Nowhere But Home by Liza Palmer
Published by William Morrow
Publish Date: April 2, 2013
Find it here: Goodreads / Amazon / B&N
Queenie Wake, a country girl from North Star, Texas, has just been fired from her job as a chef for not allowing a customer to use ketchup. Again. Now the only place she has to go is home to North Star. She can hope, maybe things will be different. Maybe her family’s reputation as those Wake women will have been forgotten. It’s been years since her mother-notorious for stealing your man, your car, and your rent money-was killed. And her sister, who as a teenager was branded as a gold-digging harlot after having a baby with local golden boy Wes McKay, is now the mother of the captain of the high school football team. It can’t be that bad…
Who knew that people in small town Texas had such long memories? And of course Queenie wishes that her memory were a little spottier when feelings for her high school love, Everett Coburn, resurface. He broke her heart and made her leave town-can she risk her heart again?
At least she has a new job-sure it’s cooking last meals for death row inmates but at least they don’t complain!But when secrets from the past emerge, will Queenie be able to stick by her family or will she leave home again? A fun-filled, touching story of food, football, and fooling around. -(summery excerpt from Goodreads)
My Thoughts: I’ve always wanted to 1) visit Texas and 2) watch Friday Night Lights and I’m convinced that this is the closest I’ve ever come to accomplishing either of these two goals. I loved every single second.
I love books set in the South – you guy know this – but I’m not sure
I love football, and there is plenty of football in this book.
Tough decision and one that isn’t to be made lightly. Queenie must think.
I put myself on the hold list at my library thinking it would be a while before it became my turn, but I was actually shocked how quickly my turn rolled around (isn’t that how it always goes – you get all these books at once?). So then I thought – GRRR, I HAVE ALL THESE BOOKS TO READ FIRST, THIS ONE WILL HAVE TO WAIT! But friends, I just couldn’t. This one sat by my bed and I thought that I’d just read the first chapter to get a feel for it, and then before I knew it I WAS SO INVESTED and then I stayed up way too late to finish it! I couldn’t help it.
See, Queen Elizabeth Wake has this life that is just going nowhere, or at least that how she feels about it. Queenie has been all over the place in an effort to avoid going home, back to North Star, because that’s where both her heart and her heartache lies. Doesn’t that happen so often? I mean, if I were to be honest with you all right now – and I am, so take me seriously – that’s why I left my hometown. And honestly, I may be/possibly/eventually getting back to where the place where I might want to move back there. But Queenie doesn’t feel the same – she sees getting fired from this latest restaurant in New York City as a huge failure and moving back to North Star, Texas as her last resort, as having no place left to go. She has Nowhere But Home (Do you like what they did there? I did, thought it was cute.)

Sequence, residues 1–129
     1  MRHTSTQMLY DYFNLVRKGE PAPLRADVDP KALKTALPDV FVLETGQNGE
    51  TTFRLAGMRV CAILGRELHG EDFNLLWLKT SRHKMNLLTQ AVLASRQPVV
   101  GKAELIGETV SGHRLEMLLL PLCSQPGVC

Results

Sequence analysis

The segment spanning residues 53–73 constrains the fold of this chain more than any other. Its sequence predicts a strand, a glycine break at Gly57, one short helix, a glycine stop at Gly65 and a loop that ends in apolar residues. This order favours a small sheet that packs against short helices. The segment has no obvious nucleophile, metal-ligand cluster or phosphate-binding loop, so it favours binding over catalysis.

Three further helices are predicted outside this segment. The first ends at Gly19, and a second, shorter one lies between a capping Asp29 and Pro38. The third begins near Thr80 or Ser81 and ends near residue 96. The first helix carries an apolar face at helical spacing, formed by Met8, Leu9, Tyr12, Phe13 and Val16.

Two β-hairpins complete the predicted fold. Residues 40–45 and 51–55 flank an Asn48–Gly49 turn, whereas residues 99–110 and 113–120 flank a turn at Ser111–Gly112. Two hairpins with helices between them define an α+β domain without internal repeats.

So she arrives back home into the welcoming and comfortable and loving arms of her sweet and incredibly cliche sister Merry Carole Wake, the beauty salon owner with hair as big as Texas and her son, North Star’s upcoming freshman starting Quarterback, Cal. Now what you know by this point is that the Wake family is basically the laughing stock of the town because of their mother’s legacy – precisely one-half of the reason Queenie left and precisely the reason why Merry Carole stayed. Where Queenie tried to run from this past, Merry Carole stayed to face head on and make everyone think it doesn’t bother her. With her shoulders up and her chin up and her head held high with that big hair and her ridiculous clothes, Merry Carole just takes what the town gives her, doing her best to shelter her teenage son from any of the vicious slander and harm thrown their way. The two things about this is that 1) words DO hurt and Merry Carole is very affected by the townspeople, she just doesn’t cry in front of them and 2) Cal isn’t stupid – he hears the rumors and has known about them for years. He knows his family legacy but chooses not to participate in it. He just wants to play football, so he ignores it and chooses to concentrate on is passion. (Cal is an incredibly cool character, by the way, for such a young male teenager.)
Queenie and Merry Carole are fantastic together. They are a FANTASTIC sibling relationship for those of us that love that dynamic. They support one another, they share one another’s burdens, and they have each other’s backs. They bounce ideas off of one another and genuinely just enjoy one another’s company. AND AND AND they actually do have a strong support system in town, a few good friends that have chosen not to get caught up in the mean talk and backstabbing and general small-mindedness that often comes along with small town, USA. Their little circle of friends are utterly fantastic.